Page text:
“Strategic patenting should be subject to scrutiny under the rules of competition law”: this is the controversial thesis of the author of this month’s CLIP, Olga Gurgula. In this article, she draws on case law and the Commission’s Pharma Sector Inquiry Report to examine whether competition law should intervene when pharmaceutical companies use the patenting system strategically for their own commercial gain.
“Strategic patenting” comprises a broad spectrum of activities, some of which are clearly anti-competitive (for example, misleading a patent office in order to extend the scope of patent protection, as in AstraZeneca v Commission), and some of which are generally innocuous (for example, applying for a secondary patent that covers a process or formulation). A large number of activities fall into a grey area in-between – including so-called patent “thickets” and “product-hopping”. The strategic use of IPRs and the patent system is lawful under patent law, and it appears to fall outside the scope of competition law in most cases. However, the author argues that the potential negative effects associated with these patenting strategies are such that the Commission should be more ready to scrutinise them under Article 102 TFEU.
One such negative effect highlighted by the author is a potential reduction in incentives to innovate. The possibility that killer acquisitions may lead to a reduction of innovation in the pharmaceutical industry is a hot topic amongst competition law practitioners and pharmaceutical clients, but less frequently discussed is the potential impact of strategic patenting on innovation. The author argues that, contrary to the aims of the patent system, strategic patenting may lead to a reduction in innovation. In Perindopril, the Commission found that most of the originators’ secondary patents were not inventive, but were merely put in place to block off the market from generics, although this point only formed part of the background to the identified infringements. In the author’s view, such practices in turn have a “chilling effect” on follow-on innovation by generics.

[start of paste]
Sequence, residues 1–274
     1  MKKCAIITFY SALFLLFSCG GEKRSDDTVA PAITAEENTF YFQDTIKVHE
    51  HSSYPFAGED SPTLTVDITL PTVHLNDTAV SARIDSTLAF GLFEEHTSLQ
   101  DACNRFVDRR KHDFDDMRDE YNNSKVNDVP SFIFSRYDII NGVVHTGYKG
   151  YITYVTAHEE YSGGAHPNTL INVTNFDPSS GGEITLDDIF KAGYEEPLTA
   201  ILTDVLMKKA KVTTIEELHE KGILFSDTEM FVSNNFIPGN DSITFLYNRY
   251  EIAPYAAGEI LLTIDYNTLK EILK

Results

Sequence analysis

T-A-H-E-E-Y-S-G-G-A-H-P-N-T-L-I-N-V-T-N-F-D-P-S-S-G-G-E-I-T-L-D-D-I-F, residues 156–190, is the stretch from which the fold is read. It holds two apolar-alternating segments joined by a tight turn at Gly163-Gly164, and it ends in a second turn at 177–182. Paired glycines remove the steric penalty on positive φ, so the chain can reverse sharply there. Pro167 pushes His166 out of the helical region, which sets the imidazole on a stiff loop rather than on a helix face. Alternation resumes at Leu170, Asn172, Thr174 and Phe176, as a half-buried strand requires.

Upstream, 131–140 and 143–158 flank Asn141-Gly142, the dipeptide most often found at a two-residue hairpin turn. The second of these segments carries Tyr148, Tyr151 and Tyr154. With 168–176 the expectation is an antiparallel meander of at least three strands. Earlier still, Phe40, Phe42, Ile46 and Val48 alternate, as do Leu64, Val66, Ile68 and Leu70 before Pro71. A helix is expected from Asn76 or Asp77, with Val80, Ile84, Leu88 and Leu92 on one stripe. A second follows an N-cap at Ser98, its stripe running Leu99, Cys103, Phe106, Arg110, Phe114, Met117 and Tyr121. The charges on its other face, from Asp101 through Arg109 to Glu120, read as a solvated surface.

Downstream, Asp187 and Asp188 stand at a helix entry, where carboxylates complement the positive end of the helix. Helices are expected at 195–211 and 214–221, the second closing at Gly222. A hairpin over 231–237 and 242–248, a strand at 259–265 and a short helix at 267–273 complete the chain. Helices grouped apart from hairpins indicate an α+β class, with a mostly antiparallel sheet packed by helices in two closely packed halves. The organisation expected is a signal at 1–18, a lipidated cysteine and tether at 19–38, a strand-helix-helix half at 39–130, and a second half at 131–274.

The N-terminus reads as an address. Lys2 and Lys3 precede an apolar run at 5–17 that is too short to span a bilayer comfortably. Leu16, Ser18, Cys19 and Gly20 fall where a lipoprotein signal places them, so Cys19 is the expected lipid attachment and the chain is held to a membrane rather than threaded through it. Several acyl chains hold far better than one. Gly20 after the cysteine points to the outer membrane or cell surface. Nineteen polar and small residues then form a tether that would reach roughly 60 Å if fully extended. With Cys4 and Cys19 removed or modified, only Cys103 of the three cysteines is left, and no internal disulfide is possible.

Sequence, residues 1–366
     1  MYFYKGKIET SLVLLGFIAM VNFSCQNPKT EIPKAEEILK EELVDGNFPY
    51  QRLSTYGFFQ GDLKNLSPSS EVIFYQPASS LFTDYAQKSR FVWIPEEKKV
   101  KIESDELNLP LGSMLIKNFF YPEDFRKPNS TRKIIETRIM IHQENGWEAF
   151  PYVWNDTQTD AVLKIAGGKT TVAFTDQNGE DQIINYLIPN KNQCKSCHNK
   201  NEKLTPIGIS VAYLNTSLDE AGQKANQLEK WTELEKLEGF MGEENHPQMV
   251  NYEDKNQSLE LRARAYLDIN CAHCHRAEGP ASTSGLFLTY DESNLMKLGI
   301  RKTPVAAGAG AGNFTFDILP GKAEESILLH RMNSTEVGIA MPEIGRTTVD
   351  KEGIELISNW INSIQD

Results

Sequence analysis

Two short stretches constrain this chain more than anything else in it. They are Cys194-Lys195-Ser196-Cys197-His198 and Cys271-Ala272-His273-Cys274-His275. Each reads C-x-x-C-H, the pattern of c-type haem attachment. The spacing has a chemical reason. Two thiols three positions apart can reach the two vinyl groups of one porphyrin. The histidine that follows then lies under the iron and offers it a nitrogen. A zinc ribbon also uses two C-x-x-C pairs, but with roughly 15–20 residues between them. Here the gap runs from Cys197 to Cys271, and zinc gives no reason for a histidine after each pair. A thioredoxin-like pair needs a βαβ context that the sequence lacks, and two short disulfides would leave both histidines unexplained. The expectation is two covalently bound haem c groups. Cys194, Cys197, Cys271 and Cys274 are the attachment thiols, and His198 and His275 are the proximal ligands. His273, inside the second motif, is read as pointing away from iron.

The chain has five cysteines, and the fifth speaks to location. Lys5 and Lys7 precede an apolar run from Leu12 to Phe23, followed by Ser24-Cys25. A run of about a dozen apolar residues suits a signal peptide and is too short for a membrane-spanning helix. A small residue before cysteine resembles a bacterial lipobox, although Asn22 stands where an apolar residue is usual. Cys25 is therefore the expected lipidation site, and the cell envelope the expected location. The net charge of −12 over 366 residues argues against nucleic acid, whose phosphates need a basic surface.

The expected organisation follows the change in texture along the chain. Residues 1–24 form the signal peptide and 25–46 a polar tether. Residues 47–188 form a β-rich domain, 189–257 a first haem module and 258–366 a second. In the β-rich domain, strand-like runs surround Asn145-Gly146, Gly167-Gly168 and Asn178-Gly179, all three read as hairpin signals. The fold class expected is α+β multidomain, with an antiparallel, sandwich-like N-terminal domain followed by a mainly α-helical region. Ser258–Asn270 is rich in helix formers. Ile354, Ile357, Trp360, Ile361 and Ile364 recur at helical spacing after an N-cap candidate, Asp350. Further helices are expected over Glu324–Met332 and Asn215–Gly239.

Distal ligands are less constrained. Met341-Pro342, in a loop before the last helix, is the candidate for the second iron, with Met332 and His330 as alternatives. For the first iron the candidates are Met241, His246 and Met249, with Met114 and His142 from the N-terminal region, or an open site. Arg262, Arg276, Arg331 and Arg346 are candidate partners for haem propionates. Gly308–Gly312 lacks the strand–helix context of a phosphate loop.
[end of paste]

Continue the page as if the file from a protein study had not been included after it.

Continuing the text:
It goes without saying that the IP rights of innovators should be protected as a reward for their investment in research and development. Such protection should in general promote dynamic competition, which is also the goal of competition law. Nevertheless, there can be a tension between, on one hand, increasing incentives to innovate through the grant of a legal monopoly and, on the other hand, encouraging competition. There have been some instances of competition authorities assessing the use of strategic patenting, in particular where the main aim is to exclude generics or other competitors from the market. In the pharma sector, delays to generic entry mean that higher drug prices are maintained for longer. Pfizer has previously come under scrutiny from the Italian Competition Authority and Consiglio di Stato for its extensive use of secondary patents, and a number of years ago the European Commission investigated Boehringer Ingelheim for filing patents designed to create blocking positions (this case was closed without a decision being taken). However, there is an ongoing debate about whether competition law is the most appropriate tool to tackle potential misuses of the patent system, or whether the patent offices are a more appropriate forum for discussions about the relative merits of different kinds of patents (e.g. divisional patents, second medical use patents etc.).
Competition authorities and courts across Europe continue to take an interest in pharmaceutical markets, and particularly in conduct that could lead to higher drug prices or the foreclosure of competitors. As the focus moves away from pure excessive pricing and pay-for-delay cases, it will be interesting to see whether the authorities will turn their attention to patenting strategies, and if so, in what situations they may be found to amount to an abuse under Article 102.